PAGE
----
On the Work-Hardening Mechanism of TWIP Steels Strengthened by Nanometre-Sized Vanadium Carbides
Experiments reveal that while dispersed nanometer-sized vanadium carbides can greatly increase the yield strength of twinning induced plasticity (TWIP) steels, they may cause some reduction of the overall work-hardening rate. A modified physically based model is adopted in the present work to capture the effect of nanometer-sized vanadium carbides on the work-hardening rate of a laboratory FeMnC austenitic TWIP grade. It is found that the introduction of the dispersed nanometer-sized carbides leads to a faster dislocation accumulation rate but reduces the rate of twin formation with strain during plastic deformation. Compared to a reference alloy without precipitates the work-hardening rate is higher at small strains but decreases faster than the reference thus presenting a lower work-hardening rate at high strains.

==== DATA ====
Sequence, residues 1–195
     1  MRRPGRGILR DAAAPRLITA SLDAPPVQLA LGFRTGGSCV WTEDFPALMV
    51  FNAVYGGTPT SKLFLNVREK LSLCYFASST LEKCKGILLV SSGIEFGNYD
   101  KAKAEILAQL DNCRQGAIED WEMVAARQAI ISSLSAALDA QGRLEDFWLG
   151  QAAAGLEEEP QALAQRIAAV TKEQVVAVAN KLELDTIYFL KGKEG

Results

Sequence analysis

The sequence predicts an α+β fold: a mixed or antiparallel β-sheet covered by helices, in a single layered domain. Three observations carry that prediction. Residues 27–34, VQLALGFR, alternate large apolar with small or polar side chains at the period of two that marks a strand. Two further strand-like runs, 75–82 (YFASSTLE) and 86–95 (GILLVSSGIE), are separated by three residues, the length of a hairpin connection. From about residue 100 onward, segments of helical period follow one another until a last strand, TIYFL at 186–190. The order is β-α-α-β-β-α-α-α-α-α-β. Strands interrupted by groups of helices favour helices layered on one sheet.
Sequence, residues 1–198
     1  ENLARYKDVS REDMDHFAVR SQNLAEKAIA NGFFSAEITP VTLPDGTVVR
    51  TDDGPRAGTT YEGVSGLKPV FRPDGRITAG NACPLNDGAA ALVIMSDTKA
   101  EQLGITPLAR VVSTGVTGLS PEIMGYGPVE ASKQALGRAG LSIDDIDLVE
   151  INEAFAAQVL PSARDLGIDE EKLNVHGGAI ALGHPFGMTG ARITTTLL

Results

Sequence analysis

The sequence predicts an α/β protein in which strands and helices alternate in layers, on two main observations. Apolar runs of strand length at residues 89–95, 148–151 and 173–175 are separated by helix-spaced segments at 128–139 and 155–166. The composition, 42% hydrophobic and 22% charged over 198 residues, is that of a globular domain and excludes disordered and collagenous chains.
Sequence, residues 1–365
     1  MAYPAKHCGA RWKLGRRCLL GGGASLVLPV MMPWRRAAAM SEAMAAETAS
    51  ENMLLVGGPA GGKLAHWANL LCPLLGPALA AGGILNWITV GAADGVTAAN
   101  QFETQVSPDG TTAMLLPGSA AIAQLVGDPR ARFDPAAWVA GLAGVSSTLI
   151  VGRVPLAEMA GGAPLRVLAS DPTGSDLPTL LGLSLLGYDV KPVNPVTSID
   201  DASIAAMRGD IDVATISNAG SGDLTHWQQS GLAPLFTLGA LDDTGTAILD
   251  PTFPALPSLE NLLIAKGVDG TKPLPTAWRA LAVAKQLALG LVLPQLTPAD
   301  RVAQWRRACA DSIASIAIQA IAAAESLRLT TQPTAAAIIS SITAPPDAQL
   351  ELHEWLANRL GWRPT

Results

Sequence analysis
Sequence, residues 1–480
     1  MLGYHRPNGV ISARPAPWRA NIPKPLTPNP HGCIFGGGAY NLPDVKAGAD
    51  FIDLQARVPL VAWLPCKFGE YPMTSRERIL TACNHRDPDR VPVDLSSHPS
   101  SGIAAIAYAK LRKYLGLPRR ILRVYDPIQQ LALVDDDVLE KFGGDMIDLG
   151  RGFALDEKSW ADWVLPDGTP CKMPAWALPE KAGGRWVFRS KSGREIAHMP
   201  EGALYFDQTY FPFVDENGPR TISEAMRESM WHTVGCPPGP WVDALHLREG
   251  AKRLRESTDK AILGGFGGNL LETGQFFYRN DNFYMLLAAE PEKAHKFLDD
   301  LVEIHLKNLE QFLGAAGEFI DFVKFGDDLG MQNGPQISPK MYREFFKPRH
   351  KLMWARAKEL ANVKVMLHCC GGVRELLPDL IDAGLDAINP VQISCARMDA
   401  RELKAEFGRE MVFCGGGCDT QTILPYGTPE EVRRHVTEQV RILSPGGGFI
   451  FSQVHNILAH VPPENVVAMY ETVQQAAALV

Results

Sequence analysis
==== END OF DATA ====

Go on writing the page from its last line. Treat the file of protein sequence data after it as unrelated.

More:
TWIP steels, Vanadium carbides, Work-hardening, Dislocation evolution, Twinning kinetics
Z.Y. Liang (1), M.X. Huang (1), H.W. Yen (2), C. P. Scott (3)
(1) Department of Mechanical Engineering, The University of Hong Kong, Hong Kong, China.
(2) Australian Centre for Microscopy & Microanalysis, The University of Sydney, NSW, 2006, Australia.
(3) Areva NP, 10 rue Juliette Récamier, 69456 LYON, France.
Proceeding of the 2nd International Symposium on Automobile Steel (ISAS2013), 21-24 May 2013, Anshan, China, pp. 113-117